By far the most common natural disasters in Wyoming are wildfires. Each summer blazes burn in different regions of the state, and about every other year they get too close to settlements or grow too large and prompt an emergency to be declared. As Wyomingites also know, floods, tornadoes, and severe winter storms are not altogether uncommon either.
- Strayer University - Bachelors of Science Degree in Criminal Justice
Collaborative agencies ranging from the federal government to the local sheriff’s department work together each time the governor declares a disaster to ensure public safety and the protection of property, while also making sure the basic needs of cities and towns are met during times of crisis. Emergency management training in Wyoming is part of this, along with public service courses and other emergency management certification programs that instruct people on disaster-appropriate procedures.
Preparing for Emergency Management Careers in Wyoming
Whether it be managing a village evacuation or containing a fast-moving wildfire, emergency management jobs in Wyoming are available for the most qualified and thoughtful citizens. Leadership abilities and being unafraid to take the initiative are key traits in management personnel, while quiet thoughtfulness and analytical reasoning help a fire engineer to accurately plot the likely course of a prairie blaze. Both positions are in the emergency management field, and both require a completely different set of skills. Emergency management jobs in Wyoming are as diverse as the people who hold them, and the only limiting factor to finding the right career for the right candidate is time.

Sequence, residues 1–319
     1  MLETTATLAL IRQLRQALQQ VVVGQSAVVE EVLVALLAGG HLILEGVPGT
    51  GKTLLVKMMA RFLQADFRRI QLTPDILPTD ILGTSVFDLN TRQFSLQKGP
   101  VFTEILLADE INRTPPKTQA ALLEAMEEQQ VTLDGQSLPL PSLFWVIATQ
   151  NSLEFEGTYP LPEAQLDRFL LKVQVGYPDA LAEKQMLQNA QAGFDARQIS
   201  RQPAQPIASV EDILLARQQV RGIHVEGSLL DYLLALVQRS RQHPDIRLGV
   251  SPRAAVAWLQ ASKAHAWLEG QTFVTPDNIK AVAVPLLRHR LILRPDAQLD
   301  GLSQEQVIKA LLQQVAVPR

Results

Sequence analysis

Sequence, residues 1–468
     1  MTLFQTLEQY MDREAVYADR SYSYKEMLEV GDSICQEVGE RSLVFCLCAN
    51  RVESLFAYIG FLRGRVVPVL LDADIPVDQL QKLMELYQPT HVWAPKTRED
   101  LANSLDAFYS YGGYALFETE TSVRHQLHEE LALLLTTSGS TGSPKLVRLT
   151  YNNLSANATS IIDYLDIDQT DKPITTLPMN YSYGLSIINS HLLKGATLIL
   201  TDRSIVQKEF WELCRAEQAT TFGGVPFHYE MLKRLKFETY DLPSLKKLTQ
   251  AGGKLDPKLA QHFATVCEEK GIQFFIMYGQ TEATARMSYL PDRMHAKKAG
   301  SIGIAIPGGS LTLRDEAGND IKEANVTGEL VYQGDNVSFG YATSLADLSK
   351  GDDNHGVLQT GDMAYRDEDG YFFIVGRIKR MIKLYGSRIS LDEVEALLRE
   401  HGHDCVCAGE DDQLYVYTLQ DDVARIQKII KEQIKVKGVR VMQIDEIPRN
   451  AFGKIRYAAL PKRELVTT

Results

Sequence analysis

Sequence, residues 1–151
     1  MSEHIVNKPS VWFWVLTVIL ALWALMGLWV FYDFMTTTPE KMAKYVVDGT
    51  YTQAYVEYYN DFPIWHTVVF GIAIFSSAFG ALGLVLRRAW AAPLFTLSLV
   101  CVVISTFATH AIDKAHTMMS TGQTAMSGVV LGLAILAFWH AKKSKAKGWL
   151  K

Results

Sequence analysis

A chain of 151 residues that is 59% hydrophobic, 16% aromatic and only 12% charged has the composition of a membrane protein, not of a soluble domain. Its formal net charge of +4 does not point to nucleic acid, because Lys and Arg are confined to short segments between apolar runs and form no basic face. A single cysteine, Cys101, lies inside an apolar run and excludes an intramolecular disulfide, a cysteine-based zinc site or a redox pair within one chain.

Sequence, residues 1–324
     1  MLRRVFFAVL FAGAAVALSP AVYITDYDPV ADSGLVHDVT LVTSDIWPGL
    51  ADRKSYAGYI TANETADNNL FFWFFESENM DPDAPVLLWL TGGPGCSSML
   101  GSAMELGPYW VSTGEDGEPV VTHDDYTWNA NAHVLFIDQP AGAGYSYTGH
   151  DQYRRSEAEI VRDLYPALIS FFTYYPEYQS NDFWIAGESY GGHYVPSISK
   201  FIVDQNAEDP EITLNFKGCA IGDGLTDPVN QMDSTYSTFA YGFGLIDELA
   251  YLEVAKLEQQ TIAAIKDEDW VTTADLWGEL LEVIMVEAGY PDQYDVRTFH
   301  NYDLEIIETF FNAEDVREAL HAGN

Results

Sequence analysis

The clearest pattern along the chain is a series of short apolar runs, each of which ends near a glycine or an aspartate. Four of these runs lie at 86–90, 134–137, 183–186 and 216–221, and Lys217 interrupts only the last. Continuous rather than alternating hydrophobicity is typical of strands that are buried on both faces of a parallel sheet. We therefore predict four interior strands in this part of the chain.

From IT professionals to security guards, having a relevant emergency management degree in Wyoming can also greatly benefit the beholder, who will most likely find he or she has more options for employment and more opportunities for career advancement and promotion. Some useful programs that easily transfer to the emergency management sector in Wyoming include:
- Criminal Justice
- Homeland Security Policy and Coordination
- Business Administration
- Public Administration
- Public Works
- Law Enforcement
- Human Services
Flammable Streets with the Danger of House Explosions
People living in the Cowboy State over two decades ago may remember one of the more unusual disasters to be declared in the region’s history, officially known as the 1987 methane gas seepage. Those working in Wyoming emergency management careers may have a distinct memory of this event after seeing entire communities forced to abandon their houses and permanently relocate to other areas.
The direct cause of the disaster was coal buried just below the ground level, which began to emit toxic and explosive gasses as residents of Rawhide Village moved in oblivious to the dangers. County commissioners ordered an evacuation of the village after researching strange odors and phenomenon such as flammable streets, lawns that bubbled after being watered, and creeks that wouldn’t freeze in the dead of winter, determining the cause to be poisonous and combustible gas wafting up from the coal seam.